I usually had to resort to walkthroughs or online guides to find these answers in the past. I’m pretty confident it was quite different from the way I’d approach these problems now. I think I mostly just tried a ton of different approaches and saw what worked. However, I now use deductive reasoning more heavily – perhaps experience with participating in logic puzzle contests has helped. Instead of simply exploring paths that come to light and trying things that look encouraging, I tend to apply a perhaps more principled approach to identifying suitable routes to explore once the obvious methods have been tried. I would consider the usual platforming techniques that may be appropriate and test them against the level setup (e.g. Is there a high point I could glide from? Could there be some non-obvious platforms that are actually safe to land on? If there is/are supercharge ramps that increase Spyro’s running and jumping speed, can I use these? Can I combine them?). I’ve been able to solve quite a number of levels that I wasn’t able to in the past.

Some of this reminds me of a book I read earlier this year, Problem Solving 101: A Simple Book For Smart People by Ken Watanabe. The techniques introduced there for making decisions on how to approach problems are applicable to clearing a Spyro level – for various root causes/problems what one should do varies, and it is probably more expedient to think through what needs to be considered in a principled way than scurry off aggressively pursuing whatever solution comes to mind. I don’t think I’ve ever been faced with a level sufficiently difficult to need drawing a full-blown logic tree out, but even mapping out such a tree in my mind helps a lot.

Anatidaephobia: Ducks, Ponds and Probability

We discussed another interesting question at work, this time over Slack. This one seemed more mathematical than programming-based, though.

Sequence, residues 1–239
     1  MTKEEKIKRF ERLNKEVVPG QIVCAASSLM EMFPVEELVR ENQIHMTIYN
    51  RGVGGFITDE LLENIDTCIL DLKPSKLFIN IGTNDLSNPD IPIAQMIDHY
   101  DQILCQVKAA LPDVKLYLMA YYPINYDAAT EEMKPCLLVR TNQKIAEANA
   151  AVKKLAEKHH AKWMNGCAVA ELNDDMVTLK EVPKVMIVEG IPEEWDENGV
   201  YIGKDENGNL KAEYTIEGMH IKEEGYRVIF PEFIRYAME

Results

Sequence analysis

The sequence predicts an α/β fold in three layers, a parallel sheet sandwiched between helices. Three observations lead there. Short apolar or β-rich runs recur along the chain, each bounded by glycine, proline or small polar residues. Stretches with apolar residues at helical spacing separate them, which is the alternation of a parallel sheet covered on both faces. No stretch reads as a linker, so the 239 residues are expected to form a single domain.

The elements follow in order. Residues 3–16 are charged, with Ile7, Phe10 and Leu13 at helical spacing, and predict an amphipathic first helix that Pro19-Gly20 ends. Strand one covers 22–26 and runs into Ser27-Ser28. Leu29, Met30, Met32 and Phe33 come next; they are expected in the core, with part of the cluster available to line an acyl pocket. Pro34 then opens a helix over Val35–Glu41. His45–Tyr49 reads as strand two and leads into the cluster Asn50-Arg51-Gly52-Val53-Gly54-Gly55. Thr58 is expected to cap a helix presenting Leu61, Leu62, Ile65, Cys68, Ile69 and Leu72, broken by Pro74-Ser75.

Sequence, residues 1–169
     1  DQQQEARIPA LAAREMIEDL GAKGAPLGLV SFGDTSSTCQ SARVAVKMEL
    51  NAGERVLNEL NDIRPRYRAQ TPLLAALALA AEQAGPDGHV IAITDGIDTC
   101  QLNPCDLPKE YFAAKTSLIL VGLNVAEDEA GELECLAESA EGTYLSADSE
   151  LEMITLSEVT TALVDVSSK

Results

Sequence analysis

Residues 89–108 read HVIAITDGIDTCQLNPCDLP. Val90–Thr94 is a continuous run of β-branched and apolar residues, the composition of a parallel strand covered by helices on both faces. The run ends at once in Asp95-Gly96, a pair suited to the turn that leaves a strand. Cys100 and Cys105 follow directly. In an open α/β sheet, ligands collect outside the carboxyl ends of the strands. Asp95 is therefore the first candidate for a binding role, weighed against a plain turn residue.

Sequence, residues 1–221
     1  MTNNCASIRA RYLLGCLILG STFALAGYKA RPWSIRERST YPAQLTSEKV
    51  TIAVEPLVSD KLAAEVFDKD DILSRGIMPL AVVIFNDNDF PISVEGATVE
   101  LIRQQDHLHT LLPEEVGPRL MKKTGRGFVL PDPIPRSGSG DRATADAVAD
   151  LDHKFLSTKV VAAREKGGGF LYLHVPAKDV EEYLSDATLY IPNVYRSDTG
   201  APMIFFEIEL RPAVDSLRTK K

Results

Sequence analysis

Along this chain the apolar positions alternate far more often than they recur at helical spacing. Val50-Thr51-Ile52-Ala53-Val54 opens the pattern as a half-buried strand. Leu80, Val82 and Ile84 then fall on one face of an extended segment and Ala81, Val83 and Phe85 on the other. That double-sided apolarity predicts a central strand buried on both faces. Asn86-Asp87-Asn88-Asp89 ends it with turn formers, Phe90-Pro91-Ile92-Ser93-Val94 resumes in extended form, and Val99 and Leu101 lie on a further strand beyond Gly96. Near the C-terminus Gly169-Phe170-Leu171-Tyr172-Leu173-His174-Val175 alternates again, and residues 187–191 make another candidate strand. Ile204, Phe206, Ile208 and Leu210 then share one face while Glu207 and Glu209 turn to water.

Four small ducks are in a large circular pond. They can be at any point in the circle, with equal probability. What is the probability that a diameter can be drawn so that all four ducks are in the same semicircle in the pond?

Naturally, there is a straightforward generalisation:

N small ducks are in a large circular pond. They can be at any point in the circle, with equal probability. What is the probability that we can fence off some sector of the pond which subtends an angle P, so that all four ducks are enclosed in the fenced area?

If I had to do this as part of an engineering problem, my first reaction would be to implement a Monte Carlo simulation. This would quickly reveal an answer of \frac{1}{2} for the first part, but in the second part things might become less obvious.

Usually for this kind of problem I tend to start by varying some of the parameters and trying to solve a simpler version of the problem. With one duck, drawing a suitable diameter is trivial; with two, drawing a diameter through one of the ducks is sufficient (since the second duck is on one side or the other – ‘small’ here means that we don’t consider the case where a duck lies exactly on the diameter). Going up to three, things get a little complicated; depending on the position of the first two ducks, the third duck can either be placed anywhere (if the first two ducks are at the same location, for example) or perhaps might be quite restricted (if the ducks are on almost opposite sides of the pond).

I then looked at other possible ways of simplifying the problem. For example, we don’t really care about where the ducks are relative to the centre of the pond. The relative angles between the ducks and the centre of the pond suffice to identify whether drawing the diameter is possible, and how far they are from the centre of the pond on a given axis won’t affect this. We can thus consider the ducks as uniform randomly occupying points on a looping one-dimensional continuum, such as the interval [0, 1).